In 1964, the science fiction author and Boston University academic Isaac Asimov (pictured, right) imagined the world the world 50 years ahead (2014), in an article published in the New York Times. Surprisingly, he did quite well. He forecasted the advent of Skype and Face Time. He hinted at the wireless world and flat screen televisions. But he was wide of the mark on a range of other areas – that routine jobs would all but disappear; that we would live a life of enforced leisure.
The academic teams in the centre have been experimenting with a range of techniques to further enhance this. In this blog post we explore how the use of video and YouTube is helping international students develop core mathematical skills. Continue reading “Flipping academics?”
Over the weekend the BBC reported that the influential Public Administration Committee claimed data used by the Office of National Statistics (ONS) for estimating who enters and leaves the country were a best guess and not fit for purpose as a means of calculating net migration figures upon which major policy commitments are based. Interested observers already know that the Migration Advisory Committee also think that the ONS method is likely to significantly over-state net migration and particularly the impact of international students attending courses in the UK.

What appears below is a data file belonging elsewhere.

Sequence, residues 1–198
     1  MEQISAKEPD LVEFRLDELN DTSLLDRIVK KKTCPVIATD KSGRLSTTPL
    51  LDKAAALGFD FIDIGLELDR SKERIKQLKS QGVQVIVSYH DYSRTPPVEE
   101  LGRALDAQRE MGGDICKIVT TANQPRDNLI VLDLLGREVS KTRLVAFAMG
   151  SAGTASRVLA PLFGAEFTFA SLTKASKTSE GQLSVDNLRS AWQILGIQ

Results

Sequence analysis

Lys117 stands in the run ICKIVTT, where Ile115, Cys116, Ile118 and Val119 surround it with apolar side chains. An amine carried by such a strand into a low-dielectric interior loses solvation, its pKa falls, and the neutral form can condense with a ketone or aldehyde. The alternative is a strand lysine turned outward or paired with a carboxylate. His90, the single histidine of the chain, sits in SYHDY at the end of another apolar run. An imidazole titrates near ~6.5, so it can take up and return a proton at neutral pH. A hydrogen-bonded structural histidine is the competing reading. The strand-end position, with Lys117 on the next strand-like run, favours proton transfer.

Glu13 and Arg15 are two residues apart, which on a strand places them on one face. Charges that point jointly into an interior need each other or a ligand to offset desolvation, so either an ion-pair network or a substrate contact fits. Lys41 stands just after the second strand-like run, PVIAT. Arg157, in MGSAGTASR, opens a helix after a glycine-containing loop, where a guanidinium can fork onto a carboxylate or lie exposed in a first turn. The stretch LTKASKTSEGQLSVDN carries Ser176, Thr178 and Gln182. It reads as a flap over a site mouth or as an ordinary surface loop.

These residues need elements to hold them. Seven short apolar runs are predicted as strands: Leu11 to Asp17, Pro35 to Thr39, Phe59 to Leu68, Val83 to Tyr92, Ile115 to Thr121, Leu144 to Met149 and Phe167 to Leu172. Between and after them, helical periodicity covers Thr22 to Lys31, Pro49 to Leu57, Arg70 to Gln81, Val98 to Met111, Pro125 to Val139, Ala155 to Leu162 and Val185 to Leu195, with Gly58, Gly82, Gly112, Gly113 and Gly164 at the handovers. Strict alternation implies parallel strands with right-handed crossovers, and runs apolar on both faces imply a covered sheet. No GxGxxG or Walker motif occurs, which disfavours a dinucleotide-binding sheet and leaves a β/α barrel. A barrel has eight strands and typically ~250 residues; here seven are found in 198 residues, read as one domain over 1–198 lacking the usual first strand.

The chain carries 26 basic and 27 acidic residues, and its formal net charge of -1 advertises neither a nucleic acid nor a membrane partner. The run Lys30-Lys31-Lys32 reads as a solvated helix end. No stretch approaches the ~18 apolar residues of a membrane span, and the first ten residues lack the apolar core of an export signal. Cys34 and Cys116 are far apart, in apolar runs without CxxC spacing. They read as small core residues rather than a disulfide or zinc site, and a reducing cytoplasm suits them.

To recap, net migration is calculated as the total number of people entering the United Kingdom for a year or longer minus those who leave the country. The Coalition Government in the United Kingdom is committed to reducing the net migration number from the hundreds of thousands to the tens of thousands. At present this is calculated based on something called the International Passenger Survey – which is a random sample of up to 5000 people each year asking them why they are entering or leaving the country. From that the Office of National Statistics extrapolates the net migration number. A deeply flawed and unreliable mechanism, given the millions of entries and exits to the UK each year. Continue reading “Can’t count, won’t count – should be made to count”
In this blog post, we bring you some personal stories from the graduation ceremonies at Newcastle University this week. These stories of young lives transformed remind us why we do what we do. The students leave university to pursue their careers and further studies, having made friends for life and with warm memories of the UK and of the North East of England. They serve as a timely endorsement of the extent to which these students and tens of thousands of other international students enrich our campuses, communities and country. In times of intense global competition, the whole country should be proud of what we, as a sector, achieve. Our hats go off to colleagues in Newcastle in particular and to all of those working in higher education delivering life-changing experiences to students from all over the world.
Attracting the brightest and the best international students is a major policy priority for almost every university in the developed world and across most in the emerging economies. Indeed a report produced by the UK’s Office of Budget Responsibility on 16th July 2013 went further and argued that the United Kingdom requires a steady flow of migration to offset the challenges of an ageing population. This is rather at odds with how the UK is currently perceived in some quarters.